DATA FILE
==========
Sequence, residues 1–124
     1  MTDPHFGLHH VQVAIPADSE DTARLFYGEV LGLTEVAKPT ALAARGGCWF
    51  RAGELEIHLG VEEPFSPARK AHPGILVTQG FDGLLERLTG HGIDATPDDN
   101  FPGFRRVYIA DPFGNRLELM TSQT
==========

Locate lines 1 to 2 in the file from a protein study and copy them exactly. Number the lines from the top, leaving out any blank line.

Sequence, residues 1–124
     1  MTDPHFGLHH VQVAIPADSE DTARLFYGEV LGLTEVAKPT ALAARGGCWF